If I had a piece of tofu and tried to make chicken parmesan, I’d have a disappointed dinner party.
If I had sandy soils in relatively flat terrain and I tried to build steep trails, I’d end up with erosion gullies, sand pits, and maybe a few hospital bills.
Without implements or soil additions (turf stones, armoring rocks, flagstones, coquina rock, etc.), it’s difficult to build steep trail in flat sandy soils like the ones we witnessed in Albany, GA this weekend.
We’ve worked in a couple places with similar soils where people tried to push the boundaries of trailbuilding without proper planning. Unfortunately, their trails were too steep to accommodate the loose soils, and all of the sand on the steeper pitches was being displaced to low spots and at the bottom of grade reversals.
However, the local mountain bikers at Chehaw Park in Albany took advantage of what they have (sand, flat terrain) to build trails that are realistic, long-term sustainable options in light of what might have been perceived as limitations. They have a 7.2 mile singletrack loop in the park that might look flat, but it fast and flowy, and fun for all skills levels. That’s the best part: since Chehaw is only a short drive from Albany, it’s not only appealing for advanced riders who can fly through the trail, but also welcoming to those just learning to ride, with multiple spots to loop back to the trailhead.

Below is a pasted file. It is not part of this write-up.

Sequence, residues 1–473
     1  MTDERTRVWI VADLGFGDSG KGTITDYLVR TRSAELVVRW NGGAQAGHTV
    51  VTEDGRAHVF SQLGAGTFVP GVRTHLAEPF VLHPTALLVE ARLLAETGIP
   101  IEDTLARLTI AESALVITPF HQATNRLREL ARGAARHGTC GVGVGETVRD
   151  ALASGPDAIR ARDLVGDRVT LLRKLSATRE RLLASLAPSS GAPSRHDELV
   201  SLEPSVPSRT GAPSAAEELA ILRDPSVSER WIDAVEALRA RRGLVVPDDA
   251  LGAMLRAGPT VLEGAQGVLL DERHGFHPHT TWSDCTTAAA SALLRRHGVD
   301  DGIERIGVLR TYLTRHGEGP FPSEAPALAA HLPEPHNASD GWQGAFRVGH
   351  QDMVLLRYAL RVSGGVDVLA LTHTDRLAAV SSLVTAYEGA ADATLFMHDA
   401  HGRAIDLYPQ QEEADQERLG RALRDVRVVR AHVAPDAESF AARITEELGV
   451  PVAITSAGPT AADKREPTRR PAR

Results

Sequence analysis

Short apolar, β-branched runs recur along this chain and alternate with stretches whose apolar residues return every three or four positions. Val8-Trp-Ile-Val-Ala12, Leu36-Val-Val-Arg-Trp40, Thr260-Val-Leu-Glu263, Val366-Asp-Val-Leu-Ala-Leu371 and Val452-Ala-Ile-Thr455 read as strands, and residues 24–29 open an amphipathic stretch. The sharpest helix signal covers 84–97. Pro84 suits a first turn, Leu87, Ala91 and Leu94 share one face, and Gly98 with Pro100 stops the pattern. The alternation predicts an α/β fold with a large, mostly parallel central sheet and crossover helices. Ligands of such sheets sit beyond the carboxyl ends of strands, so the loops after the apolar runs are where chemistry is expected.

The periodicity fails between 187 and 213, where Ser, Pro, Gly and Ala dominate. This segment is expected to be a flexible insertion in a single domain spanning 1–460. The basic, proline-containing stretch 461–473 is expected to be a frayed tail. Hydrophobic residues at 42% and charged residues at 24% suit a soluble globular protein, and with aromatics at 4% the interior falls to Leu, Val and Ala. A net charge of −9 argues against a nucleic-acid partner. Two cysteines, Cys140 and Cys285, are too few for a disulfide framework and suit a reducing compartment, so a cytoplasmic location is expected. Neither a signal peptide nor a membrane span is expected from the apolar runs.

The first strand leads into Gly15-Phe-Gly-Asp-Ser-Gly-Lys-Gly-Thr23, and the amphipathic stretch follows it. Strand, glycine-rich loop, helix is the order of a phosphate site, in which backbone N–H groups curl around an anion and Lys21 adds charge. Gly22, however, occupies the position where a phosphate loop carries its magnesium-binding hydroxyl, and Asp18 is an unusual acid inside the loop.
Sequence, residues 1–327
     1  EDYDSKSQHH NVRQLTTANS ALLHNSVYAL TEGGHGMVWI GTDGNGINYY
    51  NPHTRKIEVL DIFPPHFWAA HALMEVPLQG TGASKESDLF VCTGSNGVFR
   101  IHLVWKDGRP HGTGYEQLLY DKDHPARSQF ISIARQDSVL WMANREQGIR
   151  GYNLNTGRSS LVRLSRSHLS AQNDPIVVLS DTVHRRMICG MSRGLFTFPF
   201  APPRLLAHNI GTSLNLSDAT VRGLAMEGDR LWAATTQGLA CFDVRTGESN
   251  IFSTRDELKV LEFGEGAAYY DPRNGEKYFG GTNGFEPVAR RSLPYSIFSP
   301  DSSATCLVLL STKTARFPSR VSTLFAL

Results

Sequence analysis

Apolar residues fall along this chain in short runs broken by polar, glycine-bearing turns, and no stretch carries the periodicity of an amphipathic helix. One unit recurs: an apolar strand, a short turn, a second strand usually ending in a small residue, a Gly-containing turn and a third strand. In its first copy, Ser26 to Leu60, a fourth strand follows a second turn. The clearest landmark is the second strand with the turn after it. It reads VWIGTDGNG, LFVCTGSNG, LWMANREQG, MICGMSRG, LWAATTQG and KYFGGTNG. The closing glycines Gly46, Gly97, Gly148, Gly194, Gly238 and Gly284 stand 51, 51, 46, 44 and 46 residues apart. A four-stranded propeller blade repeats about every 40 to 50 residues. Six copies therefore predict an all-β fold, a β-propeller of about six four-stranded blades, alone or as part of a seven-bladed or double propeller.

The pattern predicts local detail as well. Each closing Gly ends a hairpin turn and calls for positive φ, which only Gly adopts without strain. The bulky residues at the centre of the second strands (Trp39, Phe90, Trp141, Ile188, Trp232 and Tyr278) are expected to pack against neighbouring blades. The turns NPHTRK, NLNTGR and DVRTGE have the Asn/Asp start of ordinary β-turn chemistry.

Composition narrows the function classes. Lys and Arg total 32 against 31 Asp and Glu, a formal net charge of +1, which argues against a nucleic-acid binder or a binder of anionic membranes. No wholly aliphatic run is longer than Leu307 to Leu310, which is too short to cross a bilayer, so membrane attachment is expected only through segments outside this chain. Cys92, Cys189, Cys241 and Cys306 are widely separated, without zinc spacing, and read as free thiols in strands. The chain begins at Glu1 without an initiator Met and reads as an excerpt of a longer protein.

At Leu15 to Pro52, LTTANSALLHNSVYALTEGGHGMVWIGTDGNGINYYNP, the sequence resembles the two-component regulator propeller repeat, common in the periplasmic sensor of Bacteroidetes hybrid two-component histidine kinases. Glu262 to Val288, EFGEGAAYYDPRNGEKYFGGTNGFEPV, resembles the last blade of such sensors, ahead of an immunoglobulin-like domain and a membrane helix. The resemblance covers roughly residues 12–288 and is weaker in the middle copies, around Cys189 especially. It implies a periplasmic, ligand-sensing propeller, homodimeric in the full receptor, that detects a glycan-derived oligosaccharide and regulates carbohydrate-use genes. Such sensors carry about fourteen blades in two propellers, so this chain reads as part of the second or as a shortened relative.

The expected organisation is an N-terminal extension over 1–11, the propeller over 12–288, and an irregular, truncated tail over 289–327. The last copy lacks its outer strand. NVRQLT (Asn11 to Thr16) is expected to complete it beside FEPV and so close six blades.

So if you think you’re incredibly limited by your terrain and soils, you might be. But first, wholeheartedly assess what the land offers. After taking stock of your opportunities and limitations, work to highlight and take maximum advantage of those opportunities. The trails at Chehaw don’t try to be something their not. They’re a fun ride, and in these conditions, there’s a lot of space to add technical challenge through wooden-built technical trail features (for another example of flat sandy soils with added technical challenge through built features, check out the Spillway trails in Norco, LA). You can turn a little into a lot by being creative and working with the sustainability guidelines.
Thank you to our hosts, the Pecan City Pedalers, as well as Chehaw Park Authority and the South Georgia Biking Association. Hats off to you all for the trails at Chehaw.